Against standard descriptivist and referentialist semantics for fictional reports, I will defend a view according to which fictional names do not refer yet they can be distinguished from one another in virtue of their different name-using practices. The logical structures of sentences containing fictional names inherit these distinctions. Different interpretations follow.
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  28.  29
    How to Russell Another Meinongian: A Russellian Theory of Fictional Objects Versus Zalta's Theory of Abstract Objects.Gregory Landini - 1990 - Grazer Philosophische Studien 37 (1):93-122.
    This article compares the theory of Meinongian objects proposed by Edward Zalta with a theory of fiction formulated within an early Russellian framework. The Russellian framework is the second-order intensional logic proposed by Nino B. Cocchiarelly as a reconstruction of the form of Logicism Russell was examining shortly after writing The Principles of Mathematics. A Russellian theory of denoting concepts is developed in this intensional logic and applied as a theory of the "objects' of fiction. The (...)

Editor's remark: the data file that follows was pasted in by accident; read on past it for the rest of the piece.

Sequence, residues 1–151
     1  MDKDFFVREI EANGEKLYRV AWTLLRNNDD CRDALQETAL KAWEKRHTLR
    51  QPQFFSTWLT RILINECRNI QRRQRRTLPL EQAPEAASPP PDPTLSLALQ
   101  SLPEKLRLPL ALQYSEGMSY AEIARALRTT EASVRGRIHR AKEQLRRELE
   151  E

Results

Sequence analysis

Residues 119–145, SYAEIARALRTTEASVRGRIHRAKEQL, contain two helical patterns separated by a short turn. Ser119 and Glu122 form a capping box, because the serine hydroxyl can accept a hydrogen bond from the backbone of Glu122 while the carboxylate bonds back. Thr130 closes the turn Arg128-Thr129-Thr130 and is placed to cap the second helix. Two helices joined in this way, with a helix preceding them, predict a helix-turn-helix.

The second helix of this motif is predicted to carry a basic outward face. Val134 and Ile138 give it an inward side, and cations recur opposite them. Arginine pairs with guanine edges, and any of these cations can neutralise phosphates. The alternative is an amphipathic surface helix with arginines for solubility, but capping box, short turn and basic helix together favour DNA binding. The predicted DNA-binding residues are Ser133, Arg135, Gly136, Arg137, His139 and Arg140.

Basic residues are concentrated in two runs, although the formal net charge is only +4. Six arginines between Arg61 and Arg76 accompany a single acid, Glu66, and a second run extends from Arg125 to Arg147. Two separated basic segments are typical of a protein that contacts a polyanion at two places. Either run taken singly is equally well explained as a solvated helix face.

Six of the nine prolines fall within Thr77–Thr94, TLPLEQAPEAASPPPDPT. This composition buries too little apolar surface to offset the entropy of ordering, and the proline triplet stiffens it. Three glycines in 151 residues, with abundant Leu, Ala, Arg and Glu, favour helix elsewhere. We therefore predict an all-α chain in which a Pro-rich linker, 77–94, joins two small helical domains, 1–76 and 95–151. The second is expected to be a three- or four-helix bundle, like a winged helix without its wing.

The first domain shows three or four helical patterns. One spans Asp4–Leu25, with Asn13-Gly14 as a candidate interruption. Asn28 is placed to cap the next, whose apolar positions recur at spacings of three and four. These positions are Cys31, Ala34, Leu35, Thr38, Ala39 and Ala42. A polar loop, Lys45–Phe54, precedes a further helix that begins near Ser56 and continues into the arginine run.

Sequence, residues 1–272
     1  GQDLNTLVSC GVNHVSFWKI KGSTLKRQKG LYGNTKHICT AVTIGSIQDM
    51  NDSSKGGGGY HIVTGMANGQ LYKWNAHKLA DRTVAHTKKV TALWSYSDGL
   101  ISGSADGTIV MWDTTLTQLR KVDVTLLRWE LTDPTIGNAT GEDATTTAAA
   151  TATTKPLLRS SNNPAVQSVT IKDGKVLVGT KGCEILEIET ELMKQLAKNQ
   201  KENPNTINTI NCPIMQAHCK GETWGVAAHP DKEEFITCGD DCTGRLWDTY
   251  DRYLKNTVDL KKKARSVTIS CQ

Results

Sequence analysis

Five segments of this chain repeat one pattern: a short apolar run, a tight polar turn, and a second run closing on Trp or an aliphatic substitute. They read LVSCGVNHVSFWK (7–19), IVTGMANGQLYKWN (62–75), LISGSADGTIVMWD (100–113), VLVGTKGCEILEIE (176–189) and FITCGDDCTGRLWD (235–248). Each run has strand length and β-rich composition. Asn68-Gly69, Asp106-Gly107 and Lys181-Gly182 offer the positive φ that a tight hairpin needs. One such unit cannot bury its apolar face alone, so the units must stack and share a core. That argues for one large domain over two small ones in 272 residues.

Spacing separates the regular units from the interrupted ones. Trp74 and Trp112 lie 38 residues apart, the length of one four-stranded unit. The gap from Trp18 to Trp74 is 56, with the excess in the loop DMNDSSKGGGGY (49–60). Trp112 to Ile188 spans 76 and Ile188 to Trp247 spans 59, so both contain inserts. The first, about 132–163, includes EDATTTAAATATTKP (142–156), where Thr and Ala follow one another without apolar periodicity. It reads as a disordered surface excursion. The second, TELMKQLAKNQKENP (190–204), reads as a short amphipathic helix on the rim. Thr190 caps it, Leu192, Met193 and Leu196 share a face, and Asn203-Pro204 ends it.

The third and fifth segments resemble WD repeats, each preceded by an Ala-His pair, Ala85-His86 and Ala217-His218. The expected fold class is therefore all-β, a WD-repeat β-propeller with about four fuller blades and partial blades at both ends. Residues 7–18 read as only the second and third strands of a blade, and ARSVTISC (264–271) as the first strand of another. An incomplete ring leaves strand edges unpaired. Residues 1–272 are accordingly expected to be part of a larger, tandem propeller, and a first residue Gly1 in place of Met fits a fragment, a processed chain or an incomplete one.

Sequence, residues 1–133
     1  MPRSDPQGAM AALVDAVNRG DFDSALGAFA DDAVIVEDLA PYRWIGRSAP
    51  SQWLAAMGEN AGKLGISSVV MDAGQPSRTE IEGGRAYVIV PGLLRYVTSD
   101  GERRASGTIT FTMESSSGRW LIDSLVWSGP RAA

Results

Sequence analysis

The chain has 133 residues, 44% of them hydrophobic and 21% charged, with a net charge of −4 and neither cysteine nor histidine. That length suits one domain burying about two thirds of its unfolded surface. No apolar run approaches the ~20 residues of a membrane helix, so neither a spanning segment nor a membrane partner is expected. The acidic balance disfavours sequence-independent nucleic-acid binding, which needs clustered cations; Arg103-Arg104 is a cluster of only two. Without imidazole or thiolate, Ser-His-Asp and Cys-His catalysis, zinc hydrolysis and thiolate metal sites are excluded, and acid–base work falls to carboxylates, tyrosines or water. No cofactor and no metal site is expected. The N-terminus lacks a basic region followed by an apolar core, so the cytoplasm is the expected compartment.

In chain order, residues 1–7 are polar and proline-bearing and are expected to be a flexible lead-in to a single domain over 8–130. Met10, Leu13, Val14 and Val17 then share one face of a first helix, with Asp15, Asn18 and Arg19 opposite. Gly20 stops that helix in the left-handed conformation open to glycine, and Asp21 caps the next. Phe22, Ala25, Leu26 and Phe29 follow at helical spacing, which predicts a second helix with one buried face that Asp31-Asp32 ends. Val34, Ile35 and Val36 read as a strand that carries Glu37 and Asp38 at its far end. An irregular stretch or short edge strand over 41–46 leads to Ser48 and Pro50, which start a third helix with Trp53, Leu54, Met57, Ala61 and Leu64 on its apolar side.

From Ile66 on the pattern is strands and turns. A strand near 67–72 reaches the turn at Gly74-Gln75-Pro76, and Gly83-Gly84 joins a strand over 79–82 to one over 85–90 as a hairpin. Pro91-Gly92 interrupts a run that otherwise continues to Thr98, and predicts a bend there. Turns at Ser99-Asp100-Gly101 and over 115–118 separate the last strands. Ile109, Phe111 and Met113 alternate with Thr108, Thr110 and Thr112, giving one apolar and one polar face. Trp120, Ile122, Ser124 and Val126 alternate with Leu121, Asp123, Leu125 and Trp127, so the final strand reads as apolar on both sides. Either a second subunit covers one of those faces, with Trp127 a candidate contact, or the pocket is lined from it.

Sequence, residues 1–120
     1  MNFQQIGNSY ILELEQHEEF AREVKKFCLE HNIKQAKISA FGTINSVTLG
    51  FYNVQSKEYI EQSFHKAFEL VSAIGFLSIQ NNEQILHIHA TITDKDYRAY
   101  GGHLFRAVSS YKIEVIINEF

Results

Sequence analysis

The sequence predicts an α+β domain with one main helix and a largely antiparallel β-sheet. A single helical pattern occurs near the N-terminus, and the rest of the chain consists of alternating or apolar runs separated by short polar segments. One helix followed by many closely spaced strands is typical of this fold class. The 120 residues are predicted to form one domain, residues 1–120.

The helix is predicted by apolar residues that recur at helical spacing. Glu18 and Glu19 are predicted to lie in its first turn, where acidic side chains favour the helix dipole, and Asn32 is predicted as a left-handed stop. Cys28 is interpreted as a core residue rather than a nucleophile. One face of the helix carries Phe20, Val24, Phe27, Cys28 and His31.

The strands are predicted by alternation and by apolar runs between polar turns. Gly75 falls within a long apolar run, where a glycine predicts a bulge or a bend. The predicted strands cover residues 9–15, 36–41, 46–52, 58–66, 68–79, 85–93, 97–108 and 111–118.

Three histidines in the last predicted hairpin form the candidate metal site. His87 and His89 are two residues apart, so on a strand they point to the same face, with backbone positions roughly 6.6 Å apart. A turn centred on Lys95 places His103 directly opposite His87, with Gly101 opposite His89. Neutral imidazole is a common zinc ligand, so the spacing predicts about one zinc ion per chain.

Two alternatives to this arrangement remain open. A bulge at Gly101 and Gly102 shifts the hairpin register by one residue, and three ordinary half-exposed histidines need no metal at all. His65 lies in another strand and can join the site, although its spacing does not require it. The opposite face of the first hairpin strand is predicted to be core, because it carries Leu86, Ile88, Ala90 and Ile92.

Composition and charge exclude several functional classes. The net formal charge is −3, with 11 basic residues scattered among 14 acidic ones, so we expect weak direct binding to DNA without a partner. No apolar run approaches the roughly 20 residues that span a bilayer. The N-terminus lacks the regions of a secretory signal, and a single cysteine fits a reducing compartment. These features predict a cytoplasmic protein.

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  29.  31
    How to Russell Another Meinongian: A Russellian Theory of Fictional Objects Versus Zalta's Theory of Abstract Objects.Gregory Landini - 1990 - Grazer Philosophische Studien 37 (1):93-122.
    This article compares the theory of Meinongian objects proposed by Edward Zalta with a theory of fiction formulated within an early Russellian framework. The Russellian framework is the second-order intensional logic proposed by Nino B. Cocchiarelly as a reconstruction of the form of Logicism Russell was examining shortly after writing The Principles of Mathematics. A Russellian theory of denoting concepts is developed in this intensional logic and applied as a theory of the "objects' of fiction. The (...)